Sunday, January 3, 2016

Clean and Green

I enjoyed the seven weeks of initial training I had during June and July on the island of St. Lucia. While geographically it is a smaller island, it has a larger population and is more developed than Dominica (there are even movie theaters on St. Lucia, whereas I am missing the new Star Wars movie here).

However, Dominica—also known as “The Nature Isle”—is a very green place, in more ways than just the lush, verdant jungle that covers most of the island. When I was in St. Lucia, it was during the dry season, and water was in short supply. Some of you will recall the blog story I wrote about “bucket baths” which were the norm during my time there due to the drought. Fortunately, Dominica is blessed with a number of natural lakes and fresh mountain springs, so the precious resource of good water is in abundance here. I've never had to take a bucket bath since leaving St. Lucia. Even when Tropical Storm Erika disrupted the public water system, I was still able to take showers and draw water from the facility my village has built around a local mountain spring (see my Erika story hereand a new blog story about the village spring will soon be coming).

The largest lake here is aptly named Freshwater Lake and is located high in the interior of the island. We visited there recently and at nearly 3000 feet high, it was a bit chilly up there that day. I hope to go back there someday in the summer and rent a kayak to explore the coves and backwaters of this large lake (I have a kayak back home in West Virginia, but I couldn't bring it with me!).

The mountainous nature of this island is why the natives named this island Waitukubuli—which translates into “Tall is her body.” Fortunately, the combination of altitude and water makes Dominica a good candidate for generating electricity with hydro power. In fact, nearly half of the electricity produced here is hydroelectric. Most other Caribbean islands rely on generators to produce all of their power, which requires constant shipments of diesel fuel.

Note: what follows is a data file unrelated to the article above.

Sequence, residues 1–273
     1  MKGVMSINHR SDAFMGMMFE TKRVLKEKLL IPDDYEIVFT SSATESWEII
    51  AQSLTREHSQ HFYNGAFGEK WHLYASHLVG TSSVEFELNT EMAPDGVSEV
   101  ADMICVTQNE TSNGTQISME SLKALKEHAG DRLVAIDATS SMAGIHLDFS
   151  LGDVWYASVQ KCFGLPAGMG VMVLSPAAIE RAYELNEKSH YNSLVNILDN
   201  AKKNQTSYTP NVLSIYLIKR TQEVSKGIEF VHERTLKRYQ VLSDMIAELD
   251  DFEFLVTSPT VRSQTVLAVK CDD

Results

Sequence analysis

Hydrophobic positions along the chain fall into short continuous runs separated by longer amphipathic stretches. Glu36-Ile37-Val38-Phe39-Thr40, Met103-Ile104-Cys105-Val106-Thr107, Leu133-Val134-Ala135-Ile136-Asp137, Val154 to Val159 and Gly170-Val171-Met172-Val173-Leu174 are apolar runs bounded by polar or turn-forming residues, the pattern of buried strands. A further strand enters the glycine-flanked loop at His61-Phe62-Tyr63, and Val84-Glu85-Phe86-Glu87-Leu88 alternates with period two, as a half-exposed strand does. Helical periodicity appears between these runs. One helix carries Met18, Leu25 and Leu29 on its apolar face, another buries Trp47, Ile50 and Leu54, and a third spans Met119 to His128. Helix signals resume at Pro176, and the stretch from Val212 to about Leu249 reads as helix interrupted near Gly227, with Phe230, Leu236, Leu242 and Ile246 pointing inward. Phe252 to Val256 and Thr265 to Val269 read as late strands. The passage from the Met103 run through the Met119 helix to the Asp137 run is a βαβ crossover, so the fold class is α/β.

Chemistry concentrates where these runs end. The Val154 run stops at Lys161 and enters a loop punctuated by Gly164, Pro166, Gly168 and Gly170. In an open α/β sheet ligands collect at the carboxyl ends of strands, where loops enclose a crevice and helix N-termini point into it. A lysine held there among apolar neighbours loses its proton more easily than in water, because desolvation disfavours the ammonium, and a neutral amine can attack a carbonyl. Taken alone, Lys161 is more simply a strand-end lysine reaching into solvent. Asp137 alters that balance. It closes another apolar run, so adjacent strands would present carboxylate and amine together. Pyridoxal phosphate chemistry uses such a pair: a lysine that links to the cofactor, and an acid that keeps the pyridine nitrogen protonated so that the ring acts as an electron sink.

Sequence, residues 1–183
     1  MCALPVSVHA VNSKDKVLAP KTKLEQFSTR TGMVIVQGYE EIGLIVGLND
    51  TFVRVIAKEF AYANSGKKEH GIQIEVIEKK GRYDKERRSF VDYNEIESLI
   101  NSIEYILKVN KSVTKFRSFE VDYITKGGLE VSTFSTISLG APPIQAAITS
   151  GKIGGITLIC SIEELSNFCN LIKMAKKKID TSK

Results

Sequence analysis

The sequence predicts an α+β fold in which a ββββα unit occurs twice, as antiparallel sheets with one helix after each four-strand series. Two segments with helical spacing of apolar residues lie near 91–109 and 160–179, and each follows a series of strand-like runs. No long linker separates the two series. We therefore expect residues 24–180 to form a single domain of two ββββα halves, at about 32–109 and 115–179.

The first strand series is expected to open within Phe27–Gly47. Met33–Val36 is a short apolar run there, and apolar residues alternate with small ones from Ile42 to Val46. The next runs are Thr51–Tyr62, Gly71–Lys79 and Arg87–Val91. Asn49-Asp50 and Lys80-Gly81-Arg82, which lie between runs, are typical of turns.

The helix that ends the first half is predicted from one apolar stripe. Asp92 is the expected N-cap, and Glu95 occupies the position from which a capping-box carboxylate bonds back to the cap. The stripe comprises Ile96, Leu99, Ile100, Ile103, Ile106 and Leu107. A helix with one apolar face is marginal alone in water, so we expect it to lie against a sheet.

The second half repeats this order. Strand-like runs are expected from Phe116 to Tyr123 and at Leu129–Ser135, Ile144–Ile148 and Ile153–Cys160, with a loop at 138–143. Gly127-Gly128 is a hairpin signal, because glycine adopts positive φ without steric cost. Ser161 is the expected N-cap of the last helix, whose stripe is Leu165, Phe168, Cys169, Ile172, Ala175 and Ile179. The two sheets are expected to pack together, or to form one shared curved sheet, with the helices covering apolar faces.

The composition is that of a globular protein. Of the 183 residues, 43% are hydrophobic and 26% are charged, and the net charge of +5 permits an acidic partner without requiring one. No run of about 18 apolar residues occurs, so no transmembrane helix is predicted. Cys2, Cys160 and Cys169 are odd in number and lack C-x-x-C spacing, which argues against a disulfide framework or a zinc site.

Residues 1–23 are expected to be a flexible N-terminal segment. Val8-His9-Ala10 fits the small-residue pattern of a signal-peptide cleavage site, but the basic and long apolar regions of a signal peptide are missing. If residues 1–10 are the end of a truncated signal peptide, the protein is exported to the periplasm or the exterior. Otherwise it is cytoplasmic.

At Freshwater Lake, I could see one of the large pipes (at least a meter wide, if not larger) that carry water down to a power station. As you can see in this picture, it looks a bit like a giant black snake working its way across the landscape.

Further down the valley, there is another pipe (or perhaps the same one?) visible at the canyon wall near Trafalgar Falls (which I visited and wrote about a few months ago). When it comes to turning hydroelectric turbines, one of the keys to success is the hydrostatic “head pressure.” By locating the power generating stations at lower altitudes, and building large sturdy pipes to deliver the water from high altitudes, Dominica's turbines spin quite well! [To get a sense of scale, note the adjoining flights of stairs for maintenance workers next to the vertical pipe in the picture below.]
However, hydroelectric power is not the only green energy that could be used on Dominica. There are also some pilot projects that are utilizing the internal heat from within the earth to produce geothermal powered electricity. Although there are no active volcanoes here, there are a lot of hot springs, as well as a large body of water known as “Boiling Lake.” Here is a picture of two steaming springs along a creek in an area known for such natural activity (this was taken from the window of a van as we crossed the bridge).
Generally, geothermal energy is generated by pumping water down to where it is converted into steam by the heat from magma beneath the earth's surface, and then routed back to the surface to spin turbines to produce electricity. Here is a sign from one of those pilot projects, showing that the country of Iceland is assisting with this (Iceland uses a lot of geothermal energy).
I'm sure that, just as with nearly everything else here, Tropical Storm Erika was probably a setback for such future-oriented projects, since much of this countries financial resources were reallocated for recovery efforts. However, I hope that someday this island might be totally self-sufficient with clean, renewable electricity generation. I want this place to be as clean and green as possible, because it is truly a beautiful island.

I also wish my native state of West Virginia would embrace clean, green power. It seems to me that while we already have some hydroelectric power, there is the potential for more of our lakes and rivers to be converted into the production of hydropower. It makes sense to me!

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